Pharmacokinetic interaction between udenafil and dapoxetine: a randomized, open-labeled crossover study in healthy male volunteers
Received 4 December 2014
Accepted for publication 30 December 2014
Published 23 February 2015 Volume 2015:9 Pages 1209—1216
Checked for plagiarism Yes
Review by Single anonymous peer review
Peer reviewer comments 3
Editor who approved publication: Professor Shu-Feng Zhou
Yo Han Kim,1 Hee Youn Choi,1 Shi Hyang Lee,1 Hae Sun Jeon,1 Hyeong-Seok Lim,1 Mi Young Bahng,2 Kyun-Seop Bae1
1Department of Clinical Pharmacology and Therapeutics, Asan Medical Center, College of Medicine, University of Ulsan, 2Clinical Development Department, Dong-A ST Co, Ltd, Seoul, Republic of Korea
Background: “Udenafil” is a phosphodiesterase-5 inhibitor indicated for erectile dysfunction. “Dapoxetine” is a serotonin transport inhibitor indicated for premature ejaculation. The aim of the study reported here was to investigate the pharmacokinetic drug interaction between udenafil and dapoxetine in healthy male subjects.
Methods: An open-label, three-treatment, six-sequence, three-period crossover study was performed in healthy male subjects. In varying sequences, each subjects received single oral doses of udenafil 200 mg, dapoxetine 60 mg, and both treatments. The periods were separated by a washout period of 7 days. Serial blood samples were collected up to 48 hours after dosing. The plasma concentrations of udenafil and dapoxetine were determined using a validated liquid chromatography-tandem mass spectrometry method. Pharmacokinetic parameters were obtained by non-compartmental analysis. Tolerability was assessed throughout the study.
Results: Twenty-three healthy subjects completed the study. The geometric mean ratios of the area under the plasma concentration–time curve from time 0 to last measurable time point and measured peak plasma concentration for udenafil were 0.923 (90% confidence interval [CI]: 0.863–0.987) and 0.864 (90% CI: 0.789–0.947), respectively. The geometric mean ratios of the area under the plasma concentration–time curve from time 0 to last measurable time point and measured peak plasma concentration for dapoxetine were 1.125 (90% CI: 1.044–1.213) and 0.837 (90% CI: 0.758–0.925), respectively. There were no serious adverse events reported, and none of the subjects dropped out due to adverse events.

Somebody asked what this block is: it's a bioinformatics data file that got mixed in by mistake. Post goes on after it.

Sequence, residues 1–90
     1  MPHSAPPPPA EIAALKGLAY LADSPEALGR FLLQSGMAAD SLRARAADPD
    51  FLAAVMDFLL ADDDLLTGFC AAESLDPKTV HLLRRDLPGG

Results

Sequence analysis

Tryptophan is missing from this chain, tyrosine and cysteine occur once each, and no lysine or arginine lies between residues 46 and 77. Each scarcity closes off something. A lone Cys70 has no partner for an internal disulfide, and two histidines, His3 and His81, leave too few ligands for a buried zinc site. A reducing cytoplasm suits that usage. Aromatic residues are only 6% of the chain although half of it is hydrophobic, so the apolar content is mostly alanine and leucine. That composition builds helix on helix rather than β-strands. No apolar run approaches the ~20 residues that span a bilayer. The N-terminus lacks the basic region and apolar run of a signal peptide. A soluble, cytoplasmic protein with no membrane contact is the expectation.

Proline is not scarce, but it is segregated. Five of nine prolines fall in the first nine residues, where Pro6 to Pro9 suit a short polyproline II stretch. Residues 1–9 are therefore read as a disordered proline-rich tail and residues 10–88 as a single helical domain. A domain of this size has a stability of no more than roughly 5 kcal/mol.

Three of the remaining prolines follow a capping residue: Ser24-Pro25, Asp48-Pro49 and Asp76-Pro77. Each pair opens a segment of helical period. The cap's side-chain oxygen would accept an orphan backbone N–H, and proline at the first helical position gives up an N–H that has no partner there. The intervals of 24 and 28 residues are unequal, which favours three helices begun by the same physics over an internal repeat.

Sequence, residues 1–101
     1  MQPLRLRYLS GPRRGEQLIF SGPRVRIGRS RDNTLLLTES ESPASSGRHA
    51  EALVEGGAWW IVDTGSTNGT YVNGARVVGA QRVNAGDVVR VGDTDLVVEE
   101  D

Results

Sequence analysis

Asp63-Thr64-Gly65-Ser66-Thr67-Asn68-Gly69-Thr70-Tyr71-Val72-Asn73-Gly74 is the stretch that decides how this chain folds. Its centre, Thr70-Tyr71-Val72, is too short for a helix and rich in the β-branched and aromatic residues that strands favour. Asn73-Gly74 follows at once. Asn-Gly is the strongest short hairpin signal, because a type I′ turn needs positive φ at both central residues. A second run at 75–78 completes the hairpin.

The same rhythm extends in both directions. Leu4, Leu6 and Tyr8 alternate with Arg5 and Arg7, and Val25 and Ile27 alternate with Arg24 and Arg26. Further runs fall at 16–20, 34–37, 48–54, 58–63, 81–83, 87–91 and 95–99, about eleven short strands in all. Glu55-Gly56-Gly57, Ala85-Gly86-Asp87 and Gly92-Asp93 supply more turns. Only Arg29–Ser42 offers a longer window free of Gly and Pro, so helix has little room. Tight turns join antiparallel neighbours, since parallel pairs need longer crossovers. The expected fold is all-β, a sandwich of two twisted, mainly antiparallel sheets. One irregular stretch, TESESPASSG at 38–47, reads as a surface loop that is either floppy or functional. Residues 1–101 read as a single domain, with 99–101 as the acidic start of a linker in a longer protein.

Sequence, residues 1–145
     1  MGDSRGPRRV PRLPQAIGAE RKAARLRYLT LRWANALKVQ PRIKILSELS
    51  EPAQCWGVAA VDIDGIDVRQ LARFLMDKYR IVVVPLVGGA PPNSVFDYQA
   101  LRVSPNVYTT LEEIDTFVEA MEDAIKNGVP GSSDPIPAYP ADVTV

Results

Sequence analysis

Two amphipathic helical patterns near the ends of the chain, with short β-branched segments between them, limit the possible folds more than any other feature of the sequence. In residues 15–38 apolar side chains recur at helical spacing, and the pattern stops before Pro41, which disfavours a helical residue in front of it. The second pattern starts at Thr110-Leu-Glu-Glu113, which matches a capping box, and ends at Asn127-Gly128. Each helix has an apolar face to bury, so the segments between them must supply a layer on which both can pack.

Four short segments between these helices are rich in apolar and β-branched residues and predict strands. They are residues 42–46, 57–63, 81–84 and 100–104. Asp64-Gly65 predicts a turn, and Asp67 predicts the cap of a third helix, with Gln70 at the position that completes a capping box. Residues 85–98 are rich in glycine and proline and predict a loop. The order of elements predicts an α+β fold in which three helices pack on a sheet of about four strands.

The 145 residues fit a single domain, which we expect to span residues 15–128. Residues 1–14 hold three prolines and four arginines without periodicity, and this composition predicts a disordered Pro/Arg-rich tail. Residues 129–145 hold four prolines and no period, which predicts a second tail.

Conclusion: Udenafil was found to have no clinically significant pharmacokinetic interactions with dapoxetine. The concurrent administration of udenafil and dapoxetine was generally well tolerated.
Keywords: drug interaction, pharmacokinetics, erectile dysfunction, premature ejaculation
Erectile dysfunction (ED) and premature ejaculation (PE) are the two most prevalent male sexual dysfunctions.1,2 “ED” is defined as the inability to achieve or maintain an erection sufficient for satisfactory sexual performance, with a prevalence of approximately 5%–30%.3,4 “PE” is defined as earlier-than-desired ejaculation resulting from minimal stimulation that causes bother or distress, with a prevalence of approximately 20%–30%.5–7 ED and PE may be comorbid conditions in some men.8 A large survey that included 12,134 men from the USA, Germany, and Italy reported that 7.2% of men met the criteria for both ED and PE. Overall, 44% of men with ED also reported PE, whereas 32% of men with PE also reported ED.9
“Udenafil” is an oral phosphodiesterase (PDE)-5 inhibitor for the treatment of ED. It is absorbed with time to reach peak concentration (tmax) at 0.8–1.3 hours, then declined mono-exponentially with a terminal half-life (t1/2β) of approximately 7.3–12.1 hours.10 The absolute oral bioavailability in humans is not known but is 38.0%–55.6% in rats.11 It is metabolized primarily by cytochrome P450 (CYP) 3A4 into its active metabolite, DA-8164, which has approximately half the pharmacological activity of the parent compound12 (Figure 1). A meta-analysis of five trials involving 1,109 patients showed that the change from baseline in International Index of Erectile Function erectile-function domain score in the udenafil group was significantly greater than in the placebo group (mean difference 5.65, 95% confidence interval [CI] 4.41–6.89).13